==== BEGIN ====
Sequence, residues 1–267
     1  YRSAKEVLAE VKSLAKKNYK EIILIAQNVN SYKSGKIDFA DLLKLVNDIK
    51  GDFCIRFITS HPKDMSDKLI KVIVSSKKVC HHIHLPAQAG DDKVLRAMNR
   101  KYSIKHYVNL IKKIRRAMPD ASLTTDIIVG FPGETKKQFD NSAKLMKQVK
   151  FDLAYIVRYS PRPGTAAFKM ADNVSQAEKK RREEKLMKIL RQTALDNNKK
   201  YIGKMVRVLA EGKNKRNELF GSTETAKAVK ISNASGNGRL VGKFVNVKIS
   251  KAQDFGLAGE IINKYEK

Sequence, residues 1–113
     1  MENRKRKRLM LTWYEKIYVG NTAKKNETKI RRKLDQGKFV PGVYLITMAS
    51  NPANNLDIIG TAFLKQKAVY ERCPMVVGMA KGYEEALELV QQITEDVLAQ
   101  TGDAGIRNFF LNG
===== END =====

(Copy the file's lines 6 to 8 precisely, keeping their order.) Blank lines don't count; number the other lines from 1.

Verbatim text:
   201  YIGKMVRVLA EGKNKRNELF GSTETAKAVK ISNASGNGRL VGKFVNVKIS
   251  KAQDFGLAGE IINKYEK

Sequence, residues 1–113